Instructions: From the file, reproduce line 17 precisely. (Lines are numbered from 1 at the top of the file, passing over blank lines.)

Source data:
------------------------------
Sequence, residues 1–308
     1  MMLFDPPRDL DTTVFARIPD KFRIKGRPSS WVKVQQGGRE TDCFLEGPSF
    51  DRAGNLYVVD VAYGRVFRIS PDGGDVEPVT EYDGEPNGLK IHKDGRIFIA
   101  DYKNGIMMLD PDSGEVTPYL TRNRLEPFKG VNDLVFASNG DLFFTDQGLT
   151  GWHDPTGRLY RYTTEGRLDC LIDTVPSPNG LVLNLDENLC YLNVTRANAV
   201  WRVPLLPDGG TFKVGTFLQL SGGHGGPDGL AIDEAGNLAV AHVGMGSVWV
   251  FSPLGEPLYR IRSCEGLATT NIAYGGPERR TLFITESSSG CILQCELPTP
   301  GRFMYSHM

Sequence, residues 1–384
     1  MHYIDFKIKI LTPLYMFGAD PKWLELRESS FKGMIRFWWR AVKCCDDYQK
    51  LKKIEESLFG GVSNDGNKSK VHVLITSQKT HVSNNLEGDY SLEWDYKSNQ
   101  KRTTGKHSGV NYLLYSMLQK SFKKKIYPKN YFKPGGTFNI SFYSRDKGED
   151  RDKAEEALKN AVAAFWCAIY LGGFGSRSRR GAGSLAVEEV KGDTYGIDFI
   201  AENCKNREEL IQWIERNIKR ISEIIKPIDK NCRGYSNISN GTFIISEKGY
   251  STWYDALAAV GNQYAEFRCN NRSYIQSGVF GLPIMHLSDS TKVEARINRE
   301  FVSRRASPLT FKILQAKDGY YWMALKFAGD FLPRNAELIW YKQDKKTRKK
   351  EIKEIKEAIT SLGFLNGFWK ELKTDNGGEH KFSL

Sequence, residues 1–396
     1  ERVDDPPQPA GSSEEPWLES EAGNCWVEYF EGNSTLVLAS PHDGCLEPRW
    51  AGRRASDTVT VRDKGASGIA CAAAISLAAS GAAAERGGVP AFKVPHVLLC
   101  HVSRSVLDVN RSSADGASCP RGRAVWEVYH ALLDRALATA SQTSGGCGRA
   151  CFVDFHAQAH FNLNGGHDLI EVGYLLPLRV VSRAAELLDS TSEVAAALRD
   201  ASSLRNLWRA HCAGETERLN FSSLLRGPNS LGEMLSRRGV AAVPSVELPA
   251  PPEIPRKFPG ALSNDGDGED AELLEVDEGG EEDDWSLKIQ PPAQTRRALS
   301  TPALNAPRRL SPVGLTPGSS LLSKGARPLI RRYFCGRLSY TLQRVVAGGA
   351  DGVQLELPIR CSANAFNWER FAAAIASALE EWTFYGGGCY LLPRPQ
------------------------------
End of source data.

   351  EIKEIKEAIT SLGFLNGFWK ELKTDNGGEH KFSL